14 senators cross party lines to ask Supreme Court to review quo warranto petition vs Sereno

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FOURTEEN senators — from both sides of the political fence — signed Resolution 738 expressing the sense of the Senate to uphold the Constitution on the matter of removing a Chief Justice from office, which is through impeachment.

They also urged the Supreme Court to review its decision granting the quo warranto petition filed by Solicitor General Jose Calida to nullify the appointment of Maria Lourdes Sereno as chief justice for her alleged failure to file her Statements of Assets, Liabilities and Net worth (SALN) for several years.

Those who signed the resolution were Senate President Aquilino “Koko” Pimentel, Senate President Pro Tempore Ralph Recto, Senate Minority Leader Franklin Drilon, as well as Senators Loren Legarda, Francis Pangilinan, Francis Escudero, Antonio Trillanes 4th, Juan Edgardo “Sonny” Angara, Paolo Benigno “Bam Aquino, Grace Poe, Leila de Lima, Sherwin Gatchalian, Risa Hontiveros, and Joel Villanueva.

Those who “failed” to sign it were Senate Majority Leader Vicente “Tito” Sotto as well as Senators Richard Gordon, Emmanuel Pacquiao, Panfilo Lacson, Gregorio “Gringo” Honasan, Juan Miguel Zubiri, Joseph Victor Ejercito, Nancy Binay, and Cynthia Villar.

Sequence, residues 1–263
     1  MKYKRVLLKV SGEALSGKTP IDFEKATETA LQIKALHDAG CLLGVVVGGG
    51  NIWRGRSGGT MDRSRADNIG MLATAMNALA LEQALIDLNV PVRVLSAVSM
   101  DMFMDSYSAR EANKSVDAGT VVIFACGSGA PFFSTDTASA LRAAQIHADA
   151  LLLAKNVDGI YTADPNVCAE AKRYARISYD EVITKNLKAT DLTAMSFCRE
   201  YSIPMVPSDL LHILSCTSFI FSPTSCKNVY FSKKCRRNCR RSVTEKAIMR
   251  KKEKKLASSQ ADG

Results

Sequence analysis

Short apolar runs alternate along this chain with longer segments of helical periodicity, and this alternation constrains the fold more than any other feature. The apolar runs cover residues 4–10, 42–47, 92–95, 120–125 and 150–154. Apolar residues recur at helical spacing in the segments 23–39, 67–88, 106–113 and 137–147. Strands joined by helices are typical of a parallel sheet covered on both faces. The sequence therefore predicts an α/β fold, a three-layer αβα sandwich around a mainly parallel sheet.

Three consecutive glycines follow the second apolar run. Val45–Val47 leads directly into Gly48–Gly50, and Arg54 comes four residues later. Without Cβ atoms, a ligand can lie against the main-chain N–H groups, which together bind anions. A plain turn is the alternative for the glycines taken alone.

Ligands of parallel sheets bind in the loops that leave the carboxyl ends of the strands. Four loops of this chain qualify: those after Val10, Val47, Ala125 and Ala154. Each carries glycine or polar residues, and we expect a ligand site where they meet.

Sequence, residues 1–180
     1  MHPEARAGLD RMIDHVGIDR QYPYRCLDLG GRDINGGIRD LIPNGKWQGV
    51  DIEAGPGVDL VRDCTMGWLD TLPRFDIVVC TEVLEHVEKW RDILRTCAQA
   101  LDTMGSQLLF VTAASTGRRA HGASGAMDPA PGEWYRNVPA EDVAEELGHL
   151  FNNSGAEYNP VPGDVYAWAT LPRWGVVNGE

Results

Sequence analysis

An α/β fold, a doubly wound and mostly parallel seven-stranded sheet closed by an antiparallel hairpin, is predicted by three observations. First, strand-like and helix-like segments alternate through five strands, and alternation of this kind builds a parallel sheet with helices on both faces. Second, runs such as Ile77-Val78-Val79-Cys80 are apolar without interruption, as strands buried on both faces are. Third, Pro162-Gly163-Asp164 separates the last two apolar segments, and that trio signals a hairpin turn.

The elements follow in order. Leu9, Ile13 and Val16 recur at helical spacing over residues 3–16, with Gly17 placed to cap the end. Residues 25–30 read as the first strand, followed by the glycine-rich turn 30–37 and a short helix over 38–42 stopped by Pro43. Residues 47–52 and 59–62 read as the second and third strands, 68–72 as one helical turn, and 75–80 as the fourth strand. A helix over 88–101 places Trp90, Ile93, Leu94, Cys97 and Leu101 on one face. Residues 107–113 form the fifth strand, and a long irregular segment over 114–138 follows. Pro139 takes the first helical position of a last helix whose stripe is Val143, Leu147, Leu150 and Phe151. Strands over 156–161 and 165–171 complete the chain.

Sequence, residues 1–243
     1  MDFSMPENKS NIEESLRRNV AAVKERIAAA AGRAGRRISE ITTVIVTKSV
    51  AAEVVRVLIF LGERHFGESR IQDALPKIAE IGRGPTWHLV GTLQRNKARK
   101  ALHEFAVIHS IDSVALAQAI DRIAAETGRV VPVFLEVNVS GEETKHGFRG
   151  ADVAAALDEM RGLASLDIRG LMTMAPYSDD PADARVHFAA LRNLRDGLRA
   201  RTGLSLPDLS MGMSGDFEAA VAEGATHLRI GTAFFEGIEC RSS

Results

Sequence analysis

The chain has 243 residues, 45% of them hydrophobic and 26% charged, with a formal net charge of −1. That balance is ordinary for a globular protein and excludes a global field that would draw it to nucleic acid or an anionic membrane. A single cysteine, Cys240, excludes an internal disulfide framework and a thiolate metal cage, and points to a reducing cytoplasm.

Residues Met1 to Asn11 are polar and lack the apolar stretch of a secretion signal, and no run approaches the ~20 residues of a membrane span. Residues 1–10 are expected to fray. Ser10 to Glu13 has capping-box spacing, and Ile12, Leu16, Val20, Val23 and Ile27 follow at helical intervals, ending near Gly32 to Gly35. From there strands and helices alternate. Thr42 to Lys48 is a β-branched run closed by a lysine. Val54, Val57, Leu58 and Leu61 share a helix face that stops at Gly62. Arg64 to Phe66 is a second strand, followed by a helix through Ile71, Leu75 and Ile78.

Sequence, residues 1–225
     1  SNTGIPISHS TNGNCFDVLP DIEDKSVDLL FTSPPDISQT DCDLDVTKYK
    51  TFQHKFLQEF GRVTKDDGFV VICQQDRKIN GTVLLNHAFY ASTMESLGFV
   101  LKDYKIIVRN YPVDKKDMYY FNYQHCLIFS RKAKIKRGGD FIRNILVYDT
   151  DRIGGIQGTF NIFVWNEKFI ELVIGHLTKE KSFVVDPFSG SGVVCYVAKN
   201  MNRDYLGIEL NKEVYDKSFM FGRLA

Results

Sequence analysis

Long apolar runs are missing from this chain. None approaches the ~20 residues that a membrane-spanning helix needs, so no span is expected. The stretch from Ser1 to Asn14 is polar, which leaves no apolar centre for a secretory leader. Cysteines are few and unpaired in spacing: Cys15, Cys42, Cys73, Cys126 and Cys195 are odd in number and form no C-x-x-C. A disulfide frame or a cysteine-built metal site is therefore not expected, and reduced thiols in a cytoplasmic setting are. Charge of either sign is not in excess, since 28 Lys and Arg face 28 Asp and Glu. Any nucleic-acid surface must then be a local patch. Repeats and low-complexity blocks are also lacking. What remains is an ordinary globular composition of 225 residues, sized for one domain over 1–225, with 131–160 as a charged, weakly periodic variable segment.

The signatories said that the Supreme Court’s decision to grant the quo warranto petition “sets a dangerous precedent that transgresses the exclusive powers of the legislative branch to initiate, try, and decide all cases of impeachment.”

“A fundamental doctrine of a republican government is the separation of powers of the executive, legislative, and judicial branches of government; and while this doctrine does not guarantee absolute autonomy in the discharge of functions of each branch, the corollary doctrine of checks and balances ensures their co-equality,” they said.

They added, “The Senate recognized that the continued harmonious interdependence of these branches lies in the faithful adherence of each branch of government to the Constutition.”

Resolution 738 also states that Section 2, Article 11 of the 1987 Constitution states that members of the Supreme Court “may be removed from office, on impeachment for, and convicted of, culpable violation of the Constitution.”

“This is not about the Chief Justice and the accusations lodged against her. This is about safeguarding the integrity of our democratic institutions, diffusing the tension among the different branches of government and preventing a constitutional crisis,” Hontiveros said.

“Unfortunately, the SC’s decision severely upsets the constitutional balance of governance and weakened our system of checks and balances. Unless reversed, the decision will virtually render obsolete the country’s constitutional process of impeachment,” she said.

Aquino said the Supreme Court violated the Constitution with its decision to grant the quo warranto petition of the administration “which unlawfully ousted Chief Justice Sereno.”

“We now call on the public to support the Senate in restoring the checks and balances in government, enforcing the rule of law and supremacy of the Constitution,” he added. BERNADETTE E. TAMAYO

 

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